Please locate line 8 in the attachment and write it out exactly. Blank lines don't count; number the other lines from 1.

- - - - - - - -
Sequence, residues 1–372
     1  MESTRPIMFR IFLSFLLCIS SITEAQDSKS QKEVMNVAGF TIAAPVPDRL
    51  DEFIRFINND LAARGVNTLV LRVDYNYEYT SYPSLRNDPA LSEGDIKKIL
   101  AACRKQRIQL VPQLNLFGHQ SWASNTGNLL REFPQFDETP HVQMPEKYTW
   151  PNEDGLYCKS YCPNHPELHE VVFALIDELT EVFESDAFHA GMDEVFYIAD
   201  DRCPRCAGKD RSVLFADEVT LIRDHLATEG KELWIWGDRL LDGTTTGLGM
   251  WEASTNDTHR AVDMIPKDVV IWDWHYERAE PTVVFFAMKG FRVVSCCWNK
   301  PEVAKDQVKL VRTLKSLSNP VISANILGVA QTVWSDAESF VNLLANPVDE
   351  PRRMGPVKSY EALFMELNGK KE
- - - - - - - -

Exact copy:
   301  PEVAKDQVKL VRTLKSLSNP VISANILGVA QTVWSDAESF VNLLANPVDE